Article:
For laboratory director Harry Benedict this means that he is close to the hospital when he needs to take his son for treatment. It also means that when his son dies, due to an error in the prescription, he is with people that he knows. It also means that other individuals around the laboratory have access to the prescribing computer system and could have made the fatal alteration that murdered Harry's child.
By the end of Chapter 4 Harry has identified laboratory co-worker Robert Kelso as making the deathly alteration. And Harry has killed him.
With Harry in custody the police begin investigating, and Department of Health Inspector Tom Jones arrives to begin checking the computer system, the handling of log-ons and passwords, and the beginning of a series of identifications of potential killers. Harry's choice was not necessarily the right one.
Not that Richard Kelso was a nice man. But Harry himself is not very nice - a bit of an oik from the East End of London who has worked himself up, but has never made the connections or adopted the social manners that might ease his way. He also took Kelso's girlfriend in the past, but was driving when she was killed in an accident. Now Harry has another girlfriend, but that doesn't stop him eyeing the nurses on the ward. You can take Harry out of the East End, but you can take the East End out of him.
Tom Jones does not just treat everyone as a suspect. In SHADOWS BEHIND A SCREEN everyone in turn becomes a suspect, suspicion turns back on Harry, a nurse makes a posthumous admission. And the murderer is revealed to be driven by a taste as bad as Harry's.
I only wish that Andrew Puckett did not say that his novels are based on his own experience working in the Health Service. It seems a system doomed to promote ill-health, misery and death.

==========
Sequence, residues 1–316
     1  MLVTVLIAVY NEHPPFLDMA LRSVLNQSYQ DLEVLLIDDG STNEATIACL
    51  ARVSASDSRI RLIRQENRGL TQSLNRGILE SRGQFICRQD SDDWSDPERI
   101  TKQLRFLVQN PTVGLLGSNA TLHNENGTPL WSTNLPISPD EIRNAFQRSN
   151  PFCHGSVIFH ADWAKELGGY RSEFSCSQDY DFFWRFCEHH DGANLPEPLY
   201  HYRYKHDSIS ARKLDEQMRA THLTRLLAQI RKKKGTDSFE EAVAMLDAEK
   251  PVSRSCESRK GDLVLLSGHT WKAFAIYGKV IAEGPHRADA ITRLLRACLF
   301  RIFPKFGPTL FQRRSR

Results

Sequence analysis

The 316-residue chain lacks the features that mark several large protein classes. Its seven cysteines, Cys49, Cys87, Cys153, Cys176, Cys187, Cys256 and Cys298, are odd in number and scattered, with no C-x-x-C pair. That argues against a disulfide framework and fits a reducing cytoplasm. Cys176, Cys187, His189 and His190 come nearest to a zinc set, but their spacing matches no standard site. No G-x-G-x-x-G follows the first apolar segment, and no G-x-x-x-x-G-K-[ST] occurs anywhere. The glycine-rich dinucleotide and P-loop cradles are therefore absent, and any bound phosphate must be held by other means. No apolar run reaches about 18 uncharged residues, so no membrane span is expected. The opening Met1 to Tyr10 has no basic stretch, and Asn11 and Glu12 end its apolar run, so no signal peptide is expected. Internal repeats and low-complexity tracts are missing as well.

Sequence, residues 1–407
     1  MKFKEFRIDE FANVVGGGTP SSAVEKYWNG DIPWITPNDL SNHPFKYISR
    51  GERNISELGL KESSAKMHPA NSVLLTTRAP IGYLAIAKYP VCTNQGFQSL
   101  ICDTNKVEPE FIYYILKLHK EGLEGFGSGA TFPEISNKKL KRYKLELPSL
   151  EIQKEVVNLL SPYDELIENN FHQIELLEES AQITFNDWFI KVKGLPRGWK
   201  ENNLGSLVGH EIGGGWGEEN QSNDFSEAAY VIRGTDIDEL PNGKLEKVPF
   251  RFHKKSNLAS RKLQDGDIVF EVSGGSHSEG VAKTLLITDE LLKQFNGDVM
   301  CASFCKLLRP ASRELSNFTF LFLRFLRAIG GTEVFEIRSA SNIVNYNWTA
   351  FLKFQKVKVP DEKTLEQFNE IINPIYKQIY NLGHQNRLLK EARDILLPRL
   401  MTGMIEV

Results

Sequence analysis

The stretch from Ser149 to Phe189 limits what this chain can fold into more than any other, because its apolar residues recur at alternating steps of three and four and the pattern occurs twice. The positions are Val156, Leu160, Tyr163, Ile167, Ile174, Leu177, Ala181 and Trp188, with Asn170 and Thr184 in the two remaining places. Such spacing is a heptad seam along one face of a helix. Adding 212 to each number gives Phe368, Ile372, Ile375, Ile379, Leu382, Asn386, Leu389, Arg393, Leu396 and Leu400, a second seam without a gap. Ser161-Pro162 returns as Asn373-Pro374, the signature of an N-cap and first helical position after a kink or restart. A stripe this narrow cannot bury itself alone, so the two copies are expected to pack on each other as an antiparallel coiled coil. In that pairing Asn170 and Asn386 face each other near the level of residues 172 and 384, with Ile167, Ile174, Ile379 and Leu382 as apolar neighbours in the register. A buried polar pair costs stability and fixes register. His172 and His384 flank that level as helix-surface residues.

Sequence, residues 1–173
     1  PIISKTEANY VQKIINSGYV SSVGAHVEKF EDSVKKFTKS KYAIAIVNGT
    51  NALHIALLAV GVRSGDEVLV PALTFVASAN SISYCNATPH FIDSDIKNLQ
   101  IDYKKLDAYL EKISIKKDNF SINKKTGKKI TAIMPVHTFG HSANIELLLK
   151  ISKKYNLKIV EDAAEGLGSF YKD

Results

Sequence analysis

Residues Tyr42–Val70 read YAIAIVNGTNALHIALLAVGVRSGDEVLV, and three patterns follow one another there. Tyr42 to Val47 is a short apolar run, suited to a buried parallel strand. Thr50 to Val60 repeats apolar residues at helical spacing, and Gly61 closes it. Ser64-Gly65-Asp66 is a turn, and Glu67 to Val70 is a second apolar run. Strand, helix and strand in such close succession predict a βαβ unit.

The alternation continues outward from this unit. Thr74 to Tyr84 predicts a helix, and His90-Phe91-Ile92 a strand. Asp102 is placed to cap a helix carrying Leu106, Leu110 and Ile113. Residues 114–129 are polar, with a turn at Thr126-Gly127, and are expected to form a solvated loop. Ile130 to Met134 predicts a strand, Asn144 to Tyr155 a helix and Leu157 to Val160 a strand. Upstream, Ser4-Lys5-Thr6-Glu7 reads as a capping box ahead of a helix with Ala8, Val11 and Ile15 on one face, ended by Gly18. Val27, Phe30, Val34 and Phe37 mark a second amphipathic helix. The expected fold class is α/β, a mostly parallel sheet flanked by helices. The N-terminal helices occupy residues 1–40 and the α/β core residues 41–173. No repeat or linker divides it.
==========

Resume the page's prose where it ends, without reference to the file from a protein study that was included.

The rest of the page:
For something to be even it has to have something to be even with - it has to be paired. In Brad Meltzer's second novel we don't have a dead pair, but we have a pair facing death. Unfortunately for husband and wife lawyers Jared Lynch and Sarah Tate they find themselves on opposite sides of a case, and both might find themselves out at Potter's Field if the case does not go the right way. Especially for Jared, hired for the defence, who is told by his boss that if he loses the case he will lose his job, and told by his retainer that he will lose his wife to an assassin. Jared sits trembling as photographs and more dropped on his desk reveal that every facet of his married life is no secret. Where the photographer's lens has gone before the fatal bullet can go too. But Jared is forbidden to tell Sarah.
Meanwhile Sarah has begun her first day as an Assistant District Attorney in New York, apparently without ever watching a TV programme or documentary about justice and its ways in the Big Apple, so that the back stabbing, case snatching, and general cattiness she finds comes as something as a shock to her. As she has just had six months off work with a nervous breakdown you might wonder what she has been doing with her time.
The case itself is quite small - a man arrested for burglary. Why should someone go to such lengths to ensure that the case is kept quiet? Why should the witnesses hold back?
Things, of course, are not as they seem. The questions come: how can Jared and Sarah each overcome their weak characters, how can they fight back despite the pervasive surveillance, how can Jared reveal to Sarah why he wants her to give up the case, and how can Sarah struggle against her corrupt bosses? And how can they investigate what they then discover to be a murder mystery?
Because that is where DEAD EVEN gets its length - there are two plots. One is the discovery and investigation of the murder, the other is fight back by the couple against their almost Satanic enemy. The revelation of their way of talking in private, but how it is countermined by the Luciferian intelligence, in Chapter 16 is one of the surprising things of this book.
Perceptive readers will have recognised that DEAD EVEN has some similarities with Andrew Klavan's DON'T SAY A WORD, which also features attempts to escape from blackmailing, pervasive surveillance, but this pairing is unfortunate for DEAD EVEN, because it loses in the comparison.
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